RTTNews - The euro was mixed in trading with other majors on Tuesday in New York as stocks saw little change in the U.S. and Europe, leaving to uncertain risk appetite. The common currency gained on the dollar, fell against the pound and was in a range against the yen.

The European currency recovered some of its recent slump against the U.S. dollar after trending lower for several days on speculation the Federal Reserve could raise interest rates.

Meanwhile, the euro continued a downward trend against the surging pound that has spanned the week. Against the yen, the euro remained stable after falling away from a multi-month high last week.

Investors considered data showing Germany's exports contracted at an even faster pace annually in April, as global demand continued to remain weak.

The euro climbed above the 1.4000 mark against the U.S. dollar, a day after hitting an 11-day low of 1.3804. Early last week, the common currency hit a five-month high of 1.4338.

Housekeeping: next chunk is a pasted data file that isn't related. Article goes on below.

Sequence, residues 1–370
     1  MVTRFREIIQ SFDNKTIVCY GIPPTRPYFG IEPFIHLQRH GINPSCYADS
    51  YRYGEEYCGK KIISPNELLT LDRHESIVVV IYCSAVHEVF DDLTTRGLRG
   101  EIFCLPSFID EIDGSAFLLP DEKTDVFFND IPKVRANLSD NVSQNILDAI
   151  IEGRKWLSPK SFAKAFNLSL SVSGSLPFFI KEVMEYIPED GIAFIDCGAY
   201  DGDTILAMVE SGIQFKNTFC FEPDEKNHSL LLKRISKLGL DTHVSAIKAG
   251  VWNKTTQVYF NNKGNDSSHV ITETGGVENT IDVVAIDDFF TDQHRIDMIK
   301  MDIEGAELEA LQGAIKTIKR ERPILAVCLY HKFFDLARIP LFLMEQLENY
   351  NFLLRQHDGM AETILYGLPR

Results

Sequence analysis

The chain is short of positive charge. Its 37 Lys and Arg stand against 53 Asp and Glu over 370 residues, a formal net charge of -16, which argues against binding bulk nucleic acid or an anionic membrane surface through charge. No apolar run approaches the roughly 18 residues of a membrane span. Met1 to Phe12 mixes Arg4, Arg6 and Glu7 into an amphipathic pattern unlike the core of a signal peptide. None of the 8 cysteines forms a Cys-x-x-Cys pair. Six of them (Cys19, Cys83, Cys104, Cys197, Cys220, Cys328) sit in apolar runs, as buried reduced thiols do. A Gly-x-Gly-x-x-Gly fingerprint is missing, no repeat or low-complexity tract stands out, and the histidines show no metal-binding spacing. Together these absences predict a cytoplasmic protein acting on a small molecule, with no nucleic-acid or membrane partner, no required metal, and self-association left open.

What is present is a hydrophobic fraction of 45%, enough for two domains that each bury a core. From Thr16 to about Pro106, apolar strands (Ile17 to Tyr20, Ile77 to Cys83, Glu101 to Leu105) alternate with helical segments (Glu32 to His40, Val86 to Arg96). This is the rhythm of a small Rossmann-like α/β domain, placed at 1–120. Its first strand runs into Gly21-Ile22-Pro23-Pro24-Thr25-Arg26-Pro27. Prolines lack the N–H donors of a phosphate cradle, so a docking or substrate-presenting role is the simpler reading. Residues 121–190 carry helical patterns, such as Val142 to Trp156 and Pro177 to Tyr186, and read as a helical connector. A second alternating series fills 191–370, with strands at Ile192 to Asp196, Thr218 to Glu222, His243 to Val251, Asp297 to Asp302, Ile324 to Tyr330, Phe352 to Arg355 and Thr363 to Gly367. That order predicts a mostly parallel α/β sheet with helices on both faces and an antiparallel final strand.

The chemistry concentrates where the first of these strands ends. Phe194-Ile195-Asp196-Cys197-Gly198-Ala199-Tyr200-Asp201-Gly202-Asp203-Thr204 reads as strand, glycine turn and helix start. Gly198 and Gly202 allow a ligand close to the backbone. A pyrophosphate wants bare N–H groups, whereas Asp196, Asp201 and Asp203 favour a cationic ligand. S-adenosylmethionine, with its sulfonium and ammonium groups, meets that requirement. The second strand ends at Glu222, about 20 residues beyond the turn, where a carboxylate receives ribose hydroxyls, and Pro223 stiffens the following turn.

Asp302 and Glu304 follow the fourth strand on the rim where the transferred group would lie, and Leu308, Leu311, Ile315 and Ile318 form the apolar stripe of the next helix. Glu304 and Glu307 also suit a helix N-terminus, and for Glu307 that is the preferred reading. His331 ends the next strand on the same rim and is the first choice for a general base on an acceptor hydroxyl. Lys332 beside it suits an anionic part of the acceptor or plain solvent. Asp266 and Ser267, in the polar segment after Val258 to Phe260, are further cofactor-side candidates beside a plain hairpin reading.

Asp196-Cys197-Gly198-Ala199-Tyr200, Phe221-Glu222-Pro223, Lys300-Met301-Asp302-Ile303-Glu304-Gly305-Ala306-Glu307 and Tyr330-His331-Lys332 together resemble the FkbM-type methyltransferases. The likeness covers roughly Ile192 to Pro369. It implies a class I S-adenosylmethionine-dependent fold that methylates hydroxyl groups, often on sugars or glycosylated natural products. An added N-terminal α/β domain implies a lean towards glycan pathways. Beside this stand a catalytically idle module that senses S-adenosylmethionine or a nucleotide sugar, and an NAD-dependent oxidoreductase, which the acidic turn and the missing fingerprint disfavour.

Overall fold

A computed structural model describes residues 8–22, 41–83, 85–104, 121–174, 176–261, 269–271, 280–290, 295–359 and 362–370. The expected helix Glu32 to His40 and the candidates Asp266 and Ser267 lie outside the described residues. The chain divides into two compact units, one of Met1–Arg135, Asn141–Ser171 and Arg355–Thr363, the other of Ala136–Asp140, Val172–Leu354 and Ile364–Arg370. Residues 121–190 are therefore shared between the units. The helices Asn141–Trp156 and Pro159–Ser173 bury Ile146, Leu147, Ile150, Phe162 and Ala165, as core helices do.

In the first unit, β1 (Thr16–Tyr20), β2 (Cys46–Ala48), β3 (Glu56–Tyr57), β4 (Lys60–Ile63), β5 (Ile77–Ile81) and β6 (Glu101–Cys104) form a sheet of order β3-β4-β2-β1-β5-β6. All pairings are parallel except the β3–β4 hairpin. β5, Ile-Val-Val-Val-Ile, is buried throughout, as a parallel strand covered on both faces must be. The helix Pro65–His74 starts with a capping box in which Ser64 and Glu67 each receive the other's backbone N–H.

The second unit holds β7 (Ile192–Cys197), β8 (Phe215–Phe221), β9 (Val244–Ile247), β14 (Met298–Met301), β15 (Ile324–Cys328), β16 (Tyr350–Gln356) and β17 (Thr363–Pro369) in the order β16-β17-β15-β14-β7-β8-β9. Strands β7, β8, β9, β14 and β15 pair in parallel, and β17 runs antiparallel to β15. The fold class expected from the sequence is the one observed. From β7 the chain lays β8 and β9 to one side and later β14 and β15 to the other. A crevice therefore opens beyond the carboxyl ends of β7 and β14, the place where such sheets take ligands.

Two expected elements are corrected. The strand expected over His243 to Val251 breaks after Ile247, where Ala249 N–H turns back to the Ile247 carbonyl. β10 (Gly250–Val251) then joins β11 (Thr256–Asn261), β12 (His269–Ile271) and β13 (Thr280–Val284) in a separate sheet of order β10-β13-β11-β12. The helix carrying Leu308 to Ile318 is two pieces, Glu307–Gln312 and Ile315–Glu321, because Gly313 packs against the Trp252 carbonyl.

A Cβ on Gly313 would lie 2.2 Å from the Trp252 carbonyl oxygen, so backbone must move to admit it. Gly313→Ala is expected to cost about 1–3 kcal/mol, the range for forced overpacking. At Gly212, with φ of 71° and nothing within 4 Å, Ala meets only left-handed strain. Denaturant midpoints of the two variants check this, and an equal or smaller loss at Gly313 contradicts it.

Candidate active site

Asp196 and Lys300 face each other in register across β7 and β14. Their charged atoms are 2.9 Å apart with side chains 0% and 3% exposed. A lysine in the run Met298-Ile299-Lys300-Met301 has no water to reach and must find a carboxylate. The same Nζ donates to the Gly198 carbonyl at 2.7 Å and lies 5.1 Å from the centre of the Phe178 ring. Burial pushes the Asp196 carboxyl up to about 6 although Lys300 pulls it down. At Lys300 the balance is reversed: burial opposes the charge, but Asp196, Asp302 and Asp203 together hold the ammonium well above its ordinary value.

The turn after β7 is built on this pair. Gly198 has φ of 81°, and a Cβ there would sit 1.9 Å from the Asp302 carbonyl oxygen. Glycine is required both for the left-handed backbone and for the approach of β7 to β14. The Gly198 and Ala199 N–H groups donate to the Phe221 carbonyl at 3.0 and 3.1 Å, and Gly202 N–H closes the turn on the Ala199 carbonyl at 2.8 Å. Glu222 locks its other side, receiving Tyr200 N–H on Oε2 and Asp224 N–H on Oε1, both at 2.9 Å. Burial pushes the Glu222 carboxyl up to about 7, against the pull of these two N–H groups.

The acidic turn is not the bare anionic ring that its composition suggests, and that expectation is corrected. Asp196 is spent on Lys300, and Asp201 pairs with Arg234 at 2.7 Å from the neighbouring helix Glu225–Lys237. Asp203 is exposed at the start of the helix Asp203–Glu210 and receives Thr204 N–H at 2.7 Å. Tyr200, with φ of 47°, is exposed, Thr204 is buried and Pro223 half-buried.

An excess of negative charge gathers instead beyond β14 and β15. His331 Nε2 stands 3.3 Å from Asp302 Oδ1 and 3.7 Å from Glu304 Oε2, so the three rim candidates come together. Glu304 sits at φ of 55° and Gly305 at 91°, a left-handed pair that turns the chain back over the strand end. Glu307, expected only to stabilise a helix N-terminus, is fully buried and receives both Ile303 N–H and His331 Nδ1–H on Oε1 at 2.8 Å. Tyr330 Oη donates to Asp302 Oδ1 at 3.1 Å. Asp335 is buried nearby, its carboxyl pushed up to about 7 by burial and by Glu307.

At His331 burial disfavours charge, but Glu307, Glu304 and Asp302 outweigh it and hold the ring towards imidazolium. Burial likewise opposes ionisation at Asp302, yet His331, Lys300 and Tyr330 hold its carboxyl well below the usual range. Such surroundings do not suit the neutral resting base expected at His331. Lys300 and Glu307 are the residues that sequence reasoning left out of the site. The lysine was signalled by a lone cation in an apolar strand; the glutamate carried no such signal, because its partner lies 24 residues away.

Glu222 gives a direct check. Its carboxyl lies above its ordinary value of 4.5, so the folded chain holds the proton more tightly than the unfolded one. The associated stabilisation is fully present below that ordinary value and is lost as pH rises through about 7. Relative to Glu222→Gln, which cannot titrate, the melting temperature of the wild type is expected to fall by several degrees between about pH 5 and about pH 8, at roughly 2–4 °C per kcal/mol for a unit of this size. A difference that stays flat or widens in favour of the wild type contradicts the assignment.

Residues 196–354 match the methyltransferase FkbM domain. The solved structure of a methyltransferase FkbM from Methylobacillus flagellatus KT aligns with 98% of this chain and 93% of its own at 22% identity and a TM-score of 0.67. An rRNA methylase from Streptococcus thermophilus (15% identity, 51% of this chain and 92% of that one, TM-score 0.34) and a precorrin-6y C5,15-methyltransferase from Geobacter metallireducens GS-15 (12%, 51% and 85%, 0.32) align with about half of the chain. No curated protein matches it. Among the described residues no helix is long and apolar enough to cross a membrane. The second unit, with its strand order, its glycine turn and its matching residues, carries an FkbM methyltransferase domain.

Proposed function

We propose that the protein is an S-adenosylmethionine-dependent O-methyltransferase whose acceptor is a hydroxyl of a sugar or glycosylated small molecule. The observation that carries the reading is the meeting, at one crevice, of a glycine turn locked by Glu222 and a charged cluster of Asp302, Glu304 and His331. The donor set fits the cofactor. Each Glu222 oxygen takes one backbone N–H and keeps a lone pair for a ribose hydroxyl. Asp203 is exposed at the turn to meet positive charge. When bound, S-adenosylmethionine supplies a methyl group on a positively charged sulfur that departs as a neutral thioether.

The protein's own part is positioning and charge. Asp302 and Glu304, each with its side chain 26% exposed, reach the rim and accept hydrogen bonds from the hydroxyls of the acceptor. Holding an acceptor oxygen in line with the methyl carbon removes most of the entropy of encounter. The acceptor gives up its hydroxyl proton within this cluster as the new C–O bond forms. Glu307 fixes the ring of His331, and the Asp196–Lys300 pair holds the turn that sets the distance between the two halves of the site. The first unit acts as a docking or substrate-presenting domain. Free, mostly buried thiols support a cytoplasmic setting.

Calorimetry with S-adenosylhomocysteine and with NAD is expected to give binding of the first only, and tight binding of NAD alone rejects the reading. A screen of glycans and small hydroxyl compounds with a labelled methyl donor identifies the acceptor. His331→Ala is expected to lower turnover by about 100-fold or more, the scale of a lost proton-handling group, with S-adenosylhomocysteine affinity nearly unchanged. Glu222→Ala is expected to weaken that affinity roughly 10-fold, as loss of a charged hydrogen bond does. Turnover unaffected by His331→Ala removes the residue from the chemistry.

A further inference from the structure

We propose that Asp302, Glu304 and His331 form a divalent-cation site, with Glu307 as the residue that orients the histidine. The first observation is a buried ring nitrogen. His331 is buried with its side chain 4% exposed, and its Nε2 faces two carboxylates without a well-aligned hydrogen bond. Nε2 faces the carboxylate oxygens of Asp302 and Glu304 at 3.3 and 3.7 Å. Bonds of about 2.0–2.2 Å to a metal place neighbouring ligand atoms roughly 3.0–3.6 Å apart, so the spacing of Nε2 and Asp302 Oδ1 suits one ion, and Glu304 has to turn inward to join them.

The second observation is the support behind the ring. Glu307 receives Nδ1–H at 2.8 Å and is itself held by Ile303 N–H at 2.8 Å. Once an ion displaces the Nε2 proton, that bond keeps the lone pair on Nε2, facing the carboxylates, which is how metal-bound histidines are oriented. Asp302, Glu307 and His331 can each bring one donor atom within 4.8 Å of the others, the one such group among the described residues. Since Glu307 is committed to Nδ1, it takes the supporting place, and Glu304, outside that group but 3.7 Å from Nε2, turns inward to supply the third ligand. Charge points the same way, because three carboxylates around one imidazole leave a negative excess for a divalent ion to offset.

The Treasury Department announced Tuesday that it will allow 10 major banks to buy back preferred stock and warrants invested by the department to shore up the financial system.

The European currency fell against the British pound, reaching as low as 0.8592. If the euro gets below 0.8574 it will extend a six-month low.

Bank of England's Monetary Policy Committee member Paul Tucker said the medium-term outlook for the British economy remains highly uncertain, while the near-term indicators improved a bit.

The euro was little-changed against the Japanese yen near 136.80 after briefly slipping to a six-day low of 135.84 in the early-morning hours.

Tuesday, a report from Japan's Cabinet Office showed that the leading index increased to 76.5 in April from 75.5 in March. Economists expected the reading to come in at 77.2.

On the economic front in the Eurozone, data released by the Federal Statistical Office said exports dropped 28.7% year-on-year in April, faster than a 16.2% fall in March, and was the biggest drop since the country's exports embarked on a declining trend in November last year. Further, the latest decline is reportedly the largest on record.

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